Renovation Looks About To Begin at 18th and Monroe St, NW Beauty in Mt. Pleasant

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Community Three’s mission is to create value within communities through the successful development of underutilized real estate. Community Three seeks investments that, with the addition of relevant expertise, knowledge and skill, improve the fabric of the community while rewarding investors for their measured risk. Our company is committed to the timely evaluation of investment opportunities and mindful of its commitments to all stakeholders, with the ultimate goal of successfully implementing practical and innovative development solutions.

You can see some of their previous projects here.

According to the variance they are looking to make this into a 12 unit apartment.

I’ll be sure to follow up as construction starts/progresses.

20 Comment

  • great news, what a beautiful building

  • how awesome is this alley house the company did

    • Oh god, I hope they don’t do that to the 18th street house. I can’t imagine anything sadder than throwing away those beautiful moldings and original doors, and replacing them with frosted glass and brushed steel and pendant lighting…

  • A beautiful, beautiful old house.

    An extensive series of photographs from when the house was on the market:

  • I bet the finished product will be gorgeous. I bought a condo last year in one of Community Three’s projects. I’m delighted with it. I looked at lots of new construction and gut-renovated properties, and Community Three’s quality and finishes were superior to everything else I saw.

  • Can I get on a waiting list to rent an apartment there? Like right now?

  • I love that this place will be fixed up. But I hate that so many gorgeous old houses in DC are getting chopped up into tiny apartments/condos.

    • With 11 proposed units (I believe the 12th unit is going to be the separate carriage house), it seems these are going to be micro units. That house isn’t small, but 11 units seems like a lot. Or am I just unversed in floor plans?

      Also, adding 12 units worth of cars on 18th and Monroe is going to seriously crowd the street. But I suppose it’s a trade off. I love that the house is getting renovated, even if it means a parking jam.

      • I thought I saw plans a while back that included an addition, so the apartments aren’t necessarily micro. Could be wrong about that…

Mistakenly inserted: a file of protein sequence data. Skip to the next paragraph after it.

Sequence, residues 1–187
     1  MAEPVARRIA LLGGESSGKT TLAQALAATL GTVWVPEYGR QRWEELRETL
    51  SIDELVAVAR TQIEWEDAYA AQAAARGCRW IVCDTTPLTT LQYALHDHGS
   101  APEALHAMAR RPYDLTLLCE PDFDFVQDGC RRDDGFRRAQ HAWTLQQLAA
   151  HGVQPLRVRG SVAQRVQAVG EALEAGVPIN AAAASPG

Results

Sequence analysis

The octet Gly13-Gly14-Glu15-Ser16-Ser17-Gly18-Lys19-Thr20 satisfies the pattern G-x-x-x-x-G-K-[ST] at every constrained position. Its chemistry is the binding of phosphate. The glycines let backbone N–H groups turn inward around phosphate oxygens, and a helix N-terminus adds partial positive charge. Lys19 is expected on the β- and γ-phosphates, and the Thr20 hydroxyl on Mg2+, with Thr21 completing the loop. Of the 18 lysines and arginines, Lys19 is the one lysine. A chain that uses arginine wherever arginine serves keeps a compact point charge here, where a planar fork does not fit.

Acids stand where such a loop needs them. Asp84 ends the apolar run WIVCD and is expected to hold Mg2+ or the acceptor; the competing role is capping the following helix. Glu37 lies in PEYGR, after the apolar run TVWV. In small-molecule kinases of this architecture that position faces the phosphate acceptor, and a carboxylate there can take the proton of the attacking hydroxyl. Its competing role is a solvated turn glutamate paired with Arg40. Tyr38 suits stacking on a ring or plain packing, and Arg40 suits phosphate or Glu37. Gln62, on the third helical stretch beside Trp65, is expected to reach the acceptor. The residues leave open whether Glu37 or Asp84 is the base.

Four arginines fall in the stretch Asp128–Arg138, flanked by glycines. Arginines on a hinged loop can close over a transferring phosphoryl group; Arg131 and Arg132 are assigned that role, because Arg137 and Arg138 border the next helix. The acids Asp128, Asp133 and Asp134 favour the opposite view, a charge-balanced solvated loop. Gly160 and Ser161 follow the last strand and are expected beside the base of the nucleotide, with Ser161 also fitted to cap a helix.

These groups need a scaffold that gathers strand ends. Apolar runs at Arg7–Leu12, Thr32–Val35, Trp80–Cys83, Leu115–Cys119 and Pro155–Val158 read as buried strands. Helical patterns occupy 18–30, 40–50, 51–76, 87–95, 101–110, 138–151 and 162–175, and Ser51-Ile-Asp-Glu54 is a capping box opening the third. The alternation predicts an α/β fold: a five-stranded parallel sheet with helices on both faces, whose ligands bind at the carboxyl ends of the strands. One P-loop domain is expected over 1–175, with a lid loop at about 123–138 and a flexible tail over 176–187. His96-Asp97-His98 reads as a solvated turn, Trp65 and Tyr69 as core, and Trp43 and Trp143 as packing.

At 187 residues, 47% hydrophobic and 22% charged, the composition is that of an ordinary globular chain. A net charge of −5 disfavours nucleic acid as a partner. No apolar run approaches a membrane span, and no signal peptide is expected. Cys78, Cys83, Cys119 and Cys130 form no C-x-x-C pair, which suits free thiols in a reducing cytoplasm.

If there is indeed an addition, I know it’s not a monstrosity like the one next door.

      • Why would you assume everyone living there would bring a car?

        • +1,000,000,000,000

        • I didn’t assume anything. I said “12 units worth of cars” not “12 cars.” I’m sure several units will have no cars and one or two units could have more than one car.

          • Riiiiiiiiiiiiight. Do you have any bridge properties in Brooklyn you’rd be interested in selling?

          • Since you’re from ’round here, I’ll even cut you a special “locals” deal.

            If even half the units add one car each, that’s a marked increase in small area like 18th and Monroe. But obviously, you don’t have a car and so don’t care. It’s wonderful that you can exist solely on bus routes and a fixie. Not everyone lives your semi-charmed life.

        • We’re talking about Mount Pleasant, not downtown or Dupont Circle. It’s not the most transit-oriented neighborhood (though to be fair, it’s also far from the least transit-oriented). I wouldn’t want to live there without a car.

          • In Mt. P you have the 42/S buses for frequent bus service and the CH metro a 10 minute walk away. That’s as transit-accessible as large swaths of Dupont/Logan.

  • Neighbors are worried about the consequences for parking, sure. The question is, will the purchasers of these condos behave like apartment renters (54% own no car), or homeowners (13% own no car)? No-car living is on the increase, partly because of the enhancement in walking-distance resources (Columbia Heights), partly because of the good bus service and not-bad access to Metro, and partly because parking a car on the street here, late at night, is hard.

    The developer will provide off-street parking space for six cars. I suggested that he set aside one of those spaces for Zipcar, but the company declined, stating that they’ve already got all the Zipcar spots they need.

    Fact is, zoning allows up to 13 units on this lot, and dividing that enormous building and lot into a dozen units is compelled by the costs. A multimillion-dollar mansion would be charming, but who could afford to buy it? Much as we might like that, it’s not a viable option. So the choice is between a dozen-unit condo, and continued deterioration of this severely neglected house.

  • I love this i want more on this subject
    any references please?

  • I bow down humbly in the persnece of such greatness.

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